Remember Sputnik? For many, it’s just a dim memory from a history book. But for those of us who were youngsters on October 4,1957, it was stunning and shocking. We were growing up in a country that was, frankly, kind of arrogant.
America had led the coalition that won World War II. People all over the world seemed fascinated with American movies and music. The 1950s were an optimistic time, when American power seemed limitless.
Sputnik frightened us. Was this a step toward Russia sending bombs at us from outer space? Did this mean that American science and technology were not the best in the world? How could this have happened? Were American schools failing? Those were just a few of the many questions that were raised on the national and local news.
In classrooms of Wichita, Kansas public schools, where I was going to school, TVs were brought in so we could watch Sputnik, again and again. While weighing less that 200 pounds, that Russian satellite had an enormous impact.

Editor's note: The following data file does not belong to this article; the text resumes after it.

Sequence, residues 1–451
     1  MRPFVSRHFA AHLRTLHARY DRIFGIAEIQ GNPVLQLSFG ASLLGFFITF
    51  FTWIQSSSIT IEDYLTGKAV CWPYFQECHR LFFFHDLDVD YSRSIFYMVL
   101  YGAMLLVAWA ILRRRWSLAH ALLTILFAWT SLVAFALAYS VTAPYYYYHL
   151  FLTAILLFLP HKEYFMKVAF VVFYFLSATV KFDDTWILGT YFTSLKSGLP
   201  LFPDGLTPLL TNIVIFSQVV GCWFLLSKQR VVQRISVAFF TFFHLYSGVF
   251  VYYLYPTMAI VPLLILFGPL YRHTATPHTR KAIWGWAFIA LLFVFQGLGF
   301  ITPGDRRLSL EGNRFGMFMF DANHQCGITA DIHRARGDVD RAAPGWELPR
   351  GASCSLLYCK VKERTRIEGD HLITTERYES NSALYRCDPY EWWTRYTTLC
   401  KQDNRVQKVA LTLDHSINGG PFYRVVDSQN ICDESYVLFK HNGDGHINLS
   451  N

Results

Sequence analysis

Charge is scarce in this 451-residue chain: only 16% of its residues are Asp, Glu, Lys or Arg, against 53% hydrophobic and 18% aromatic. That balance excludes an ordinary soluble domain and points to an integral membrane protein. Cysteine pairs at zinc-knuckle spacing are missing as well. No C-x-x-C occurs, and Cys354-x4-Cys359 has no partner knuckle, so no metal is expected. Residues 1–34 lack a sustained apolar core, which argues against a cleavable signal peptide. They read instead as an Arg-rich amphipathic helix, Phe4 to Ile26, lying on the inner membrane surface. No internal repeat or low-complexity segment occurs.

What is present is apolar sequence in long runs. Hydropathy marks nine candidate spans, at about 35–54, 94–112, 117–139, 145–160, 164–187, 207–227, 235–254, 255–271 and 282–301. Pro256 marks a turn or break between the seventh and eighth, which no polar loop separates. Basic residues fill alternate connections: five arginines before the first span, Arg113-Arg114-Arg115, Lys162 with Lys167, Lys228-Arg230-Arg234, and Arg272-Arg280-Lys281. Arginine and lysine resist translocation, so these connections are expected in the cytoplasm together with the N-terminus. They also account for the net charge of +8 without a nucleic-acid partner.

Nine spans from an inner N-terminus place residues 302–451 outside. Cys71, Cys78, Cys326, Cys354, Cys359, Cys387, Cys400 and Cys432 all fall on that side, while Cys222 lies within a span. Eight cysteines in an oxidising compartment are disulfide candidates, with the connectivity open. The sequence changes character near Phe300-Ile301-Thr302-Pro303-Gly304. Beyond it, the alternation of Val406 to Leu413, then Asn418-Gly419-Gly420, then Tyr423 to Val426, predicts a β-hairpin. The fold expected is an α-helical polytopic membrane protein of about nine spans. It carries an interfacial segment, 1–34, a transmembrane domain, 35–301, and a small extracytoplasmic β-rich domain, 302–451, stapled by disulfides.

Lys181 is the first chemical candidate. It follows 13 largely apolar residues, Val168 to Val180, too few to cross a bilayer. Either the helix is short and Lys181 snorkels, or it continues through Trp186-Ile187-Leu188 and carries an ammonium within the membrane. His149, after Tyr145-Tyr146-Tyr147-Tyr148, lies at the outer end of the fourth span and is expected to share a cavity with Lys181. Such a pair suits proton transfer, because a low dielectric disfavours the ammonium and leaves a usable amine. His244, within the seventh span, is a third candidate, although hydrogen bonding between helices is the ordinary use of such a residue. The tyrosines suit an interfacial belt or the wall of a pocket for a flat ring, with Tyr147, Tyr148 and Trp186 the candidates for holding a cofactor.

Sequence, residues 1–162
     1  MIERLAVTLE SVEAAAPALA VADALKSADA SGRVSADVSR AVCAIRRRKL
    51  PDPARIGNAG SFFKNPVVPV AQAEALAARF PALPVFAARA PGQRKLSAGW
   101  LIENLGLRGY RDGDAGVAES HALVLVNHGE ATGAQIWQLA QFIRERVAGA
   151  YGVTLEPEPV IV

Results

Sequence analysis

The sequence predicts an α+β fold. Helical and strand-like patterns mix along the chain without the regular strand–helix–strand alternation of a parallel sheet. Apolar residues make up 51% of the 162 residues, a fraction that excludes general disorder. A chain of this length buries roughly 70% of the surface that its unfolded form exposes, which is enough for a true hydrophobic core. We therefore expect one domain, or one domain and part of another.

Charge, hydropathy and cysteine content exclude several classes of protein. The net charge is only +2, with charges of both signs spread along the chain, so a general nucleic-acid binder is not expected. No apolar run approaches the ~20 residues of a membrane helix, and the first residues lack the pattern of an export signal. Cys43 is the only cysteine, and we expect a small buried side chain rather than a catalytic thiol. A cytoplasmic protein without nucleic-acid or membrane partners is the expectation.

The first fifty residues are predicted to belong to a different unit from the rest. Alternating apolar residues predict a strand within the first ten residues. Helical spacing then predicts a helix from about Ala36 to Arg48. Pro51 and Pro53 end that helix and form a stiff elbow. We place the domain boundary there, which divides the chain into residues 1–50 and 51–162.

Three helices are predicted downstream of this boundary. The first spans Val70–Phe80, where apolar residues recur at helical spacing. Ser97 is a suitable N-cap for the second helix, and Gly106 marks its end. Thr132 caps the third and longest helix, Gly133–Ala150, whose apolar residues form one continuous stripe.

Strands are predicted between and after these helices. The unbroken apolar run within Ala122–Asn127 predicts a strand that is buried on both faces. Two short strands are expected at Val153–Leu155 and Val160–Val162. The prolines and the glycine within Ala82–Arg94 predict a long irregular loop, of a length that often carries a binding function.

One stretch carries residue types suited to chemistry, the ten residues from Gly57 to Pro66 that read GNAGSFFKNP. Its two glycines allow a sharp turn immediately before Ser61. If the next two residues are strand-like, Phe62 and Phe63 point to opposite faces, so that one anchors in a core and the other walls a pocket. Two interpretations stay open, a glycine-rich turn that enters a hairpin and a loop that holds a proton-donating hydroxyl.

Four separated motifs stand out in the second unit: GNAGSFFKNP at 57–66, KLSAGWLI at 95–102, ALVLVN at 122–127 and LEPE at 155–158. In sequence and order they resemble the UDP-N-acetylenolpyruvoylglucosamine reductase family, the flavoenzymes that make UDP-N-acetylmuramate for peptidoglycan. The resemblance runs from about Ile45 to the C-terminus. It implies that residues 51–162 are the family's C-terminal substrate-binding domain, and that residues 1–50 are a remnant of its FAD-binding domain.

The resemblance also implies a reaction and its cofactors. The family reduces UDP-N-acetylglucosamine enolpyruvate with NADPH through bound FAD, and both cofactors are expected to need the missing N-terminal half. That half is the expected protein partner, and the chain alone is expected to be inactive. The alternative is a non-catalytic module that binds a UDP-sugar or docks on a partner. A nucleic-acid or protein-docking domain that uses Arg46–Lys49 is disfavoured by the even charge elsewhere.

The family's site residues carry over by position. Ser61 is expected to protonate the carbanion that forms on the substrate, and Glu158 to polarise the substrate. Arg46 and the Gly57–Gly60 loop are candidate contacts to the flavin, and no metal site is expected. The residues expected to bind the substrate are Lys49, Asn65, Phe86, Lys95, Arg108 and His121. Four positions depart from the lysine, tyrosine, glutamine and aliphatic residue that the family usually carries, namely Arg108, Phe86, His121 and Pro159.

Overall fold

50 years have passed since Sputnik was launched. The most pessimistic predictions have not come to pass. Russian bombs did not come at us from outer space. We did not have a nuclear war. We are not ruled by Russians.
But I think Sputnik was good for this country. It was a forceful reminder that America will not always lead. We will not always be first. We can learn from others. In retrospect, it was a huge national lesson in humility.
Sputnik also can be viewed in another way. Sometimes people insist that if this or that isn’t done, we are doomed.
But this is a country of vast resources, incredible opportunities and enormous creativity. We need to retain a sense of perspective. We can do wonderful things – and have.
We have plenty of problems. But we also have the capacity to overcome many of them.
For me, there’s a three-part lesson from Sputnik. First, humility. Second, don’t be overwhelmed by fear. Things are rarely as bad as they may seem. Finally, when given a challenge, Americans respond, often magnificently. On balance, I think Sputnik was very good for this country.
Do you agree? What do you recall, if you were alive on October 4, 1957. I’d love to hear from others about their recollections of Sputnik. If you send a note to email@example.com, I’ll post what you share on the Center for School Change website.